Centennial topic goes behind closed doors | AspenTimes.com

Centennial topic goes behind closed doors

ASPEN – Aspen and Pitkin County elected officials met behind closed doors Tuesday with their attorneys and a handful of homeowners at the Centennial housing complex, where millions of dollars worth of repairs are anticipated in the aging buildings.

“Centennial maintenance issues” was the reason cited for the executive session, as well as another issue that City Attorney John Worcester wouldn’t reveal.

The Pitkin County commissioners, the Aspen City Council and the homeowners went into the closed-door session shortly after 6 p.m.

It’s likely that potential litigation may be levied against those who were involved in building and designing the 25-year-old complex, which includes 92 for-sale condos and more than 100 rental apartments. All of the units are designated for qualified local workers and governed by Aspen-Pitkin County Housing Authority rules.

Commissioner Jack Hatfield abstained from voting for the executive session because he said he didn’t understand what legal ramifications the board would have regarding Centennial.

Mayor Mick Ireland explained that because the county governs the housing authority, it has an interest in the deed-restricted units and the right to legal advice.

Commissioner Mike Owsley voted against going into executive session after asking Pitkin County Attorney John Ely what the board’s obligations were.

The repair of damage caused by a leaky pipe last summer led to the discovery of rot and mold inside the walls in one portion of a Centennial building. One condo owner was forced to vacate her residence for some three months while repairs were made.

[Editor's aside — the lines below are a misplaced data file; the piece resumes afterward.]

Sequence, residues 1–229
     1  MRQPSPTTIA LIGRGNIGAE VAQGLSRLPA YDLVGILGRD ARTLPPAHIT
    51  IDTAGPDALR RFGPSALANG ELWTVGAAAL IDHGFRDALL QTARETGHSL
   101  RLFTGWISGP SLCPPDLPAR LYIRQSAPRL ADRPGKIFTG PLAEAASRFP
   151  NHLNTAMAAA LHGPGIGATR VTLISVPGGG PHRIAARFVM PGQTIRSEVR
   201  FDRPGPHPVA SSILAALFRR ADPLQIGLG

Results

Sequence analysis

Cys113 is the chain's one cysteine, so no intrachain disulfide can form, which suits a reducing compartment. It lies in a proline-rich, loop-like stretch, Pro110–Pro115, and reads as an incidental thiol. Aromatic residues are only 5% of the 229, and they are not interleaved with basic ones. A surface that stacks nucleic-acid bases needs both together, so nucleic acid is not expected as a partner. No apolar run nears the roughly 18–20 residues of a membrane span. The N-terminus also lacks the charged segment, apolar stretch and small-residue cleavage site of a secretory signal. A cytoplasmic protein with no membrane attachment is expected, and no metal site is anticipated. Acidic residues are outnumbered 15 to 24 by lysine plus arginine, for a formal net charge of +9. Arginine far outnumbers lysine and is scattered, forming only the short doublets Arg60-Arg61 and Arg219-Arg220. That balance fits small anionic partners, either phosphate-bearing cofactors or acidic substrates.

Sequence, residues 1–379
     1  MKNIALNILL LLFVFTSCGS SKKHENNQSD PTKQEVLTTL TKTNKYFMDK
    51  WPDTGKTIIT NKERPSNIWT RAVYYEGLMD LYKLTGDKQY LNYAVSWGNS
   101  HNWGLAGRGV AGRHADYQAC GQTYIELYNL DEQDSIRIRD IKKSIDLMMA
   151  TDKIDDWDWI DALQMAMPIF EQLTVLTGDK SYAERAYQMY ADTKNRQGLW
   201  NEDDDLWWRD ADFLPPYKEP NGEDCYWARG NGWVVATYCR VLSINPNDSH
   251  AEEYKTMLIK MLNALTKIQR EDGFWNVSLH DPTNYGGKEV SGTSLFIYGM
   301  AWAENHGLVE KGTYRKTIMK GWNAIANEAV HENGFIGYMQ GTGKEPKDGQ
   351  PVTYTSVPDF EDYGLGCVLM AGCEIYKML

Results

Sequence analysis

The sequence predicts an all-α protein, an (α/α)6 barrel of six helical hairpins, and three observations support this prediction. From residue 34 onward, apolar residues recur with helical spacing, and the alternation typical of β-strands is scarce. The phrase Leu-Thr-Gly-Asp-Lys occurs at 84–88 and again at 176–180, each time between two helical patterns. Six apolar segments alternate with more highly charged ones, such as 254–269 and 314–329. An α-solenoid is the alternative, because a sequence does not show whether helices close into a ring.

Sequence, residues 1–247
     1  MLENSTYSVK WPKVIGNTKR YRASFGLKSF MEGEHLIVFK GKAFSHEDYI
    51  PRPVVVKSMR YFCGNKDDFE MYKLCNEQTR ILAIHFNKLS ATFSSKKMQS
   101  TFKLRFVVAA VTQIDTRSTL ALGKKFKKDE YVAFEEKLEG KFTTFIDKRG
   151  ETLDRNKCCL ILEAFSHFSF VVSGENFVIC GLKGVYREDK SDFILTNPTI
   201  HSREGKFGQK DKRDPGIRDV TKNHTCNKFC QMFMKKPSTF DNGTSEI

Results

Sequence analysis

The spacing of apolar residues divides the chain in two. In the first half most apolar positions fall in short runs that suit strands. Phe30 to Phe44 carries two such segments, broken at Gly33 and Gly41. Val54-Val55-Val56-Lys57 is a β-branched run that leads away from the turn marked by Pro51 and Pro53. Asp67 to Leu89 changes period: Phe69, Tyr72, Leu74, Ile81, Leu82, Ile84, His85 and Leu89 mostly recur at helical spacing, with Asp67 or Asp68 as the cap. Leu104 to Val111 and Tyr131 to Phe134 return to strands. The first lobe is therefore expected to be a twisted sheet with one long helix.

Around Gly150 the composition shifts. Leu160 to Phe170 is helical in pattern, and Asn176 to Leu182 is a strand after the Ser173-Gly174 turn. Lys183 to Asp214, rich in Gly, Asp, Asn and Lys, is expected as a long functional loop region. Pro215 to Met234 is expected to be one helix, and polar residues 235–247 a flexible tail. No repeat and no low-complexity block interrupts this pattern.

A problem with the flashing, used to weatherproof the joints where the walls and roof meet, apparently allowed water to seep into the inside of the walls, causing the framing to rot.

What’s unclear is how widespread the problem is at the complex.

There have reportedly been repairs over the years to the flashing on the rental buildings, but apparently not on the buildings containing the sale condos. A homeowners’ association is charged with handling common-area repairs for those buildings.

Last year, there were discussions about what financing mechanisms might be available to the homeowners’ association to fix the problem.

The ability of Centennial homeowners to pay for extensive repairs was a topic of concern after the problem came to light.

The homeowners’ association at Centennial has about $280,000 in its capital reserve fund, but that won’t even come close to covering all the repairs needed at the housing complex, located near the base of Smuggler Mountain.

To increase the fund from $60,000 to $90,000 annually, monthly dues for the 92 condo owners have been raised an average of $100 a month.

If homeowners were to pay out of pocket for the necessary repairs, their dues would be more than their mortgages.


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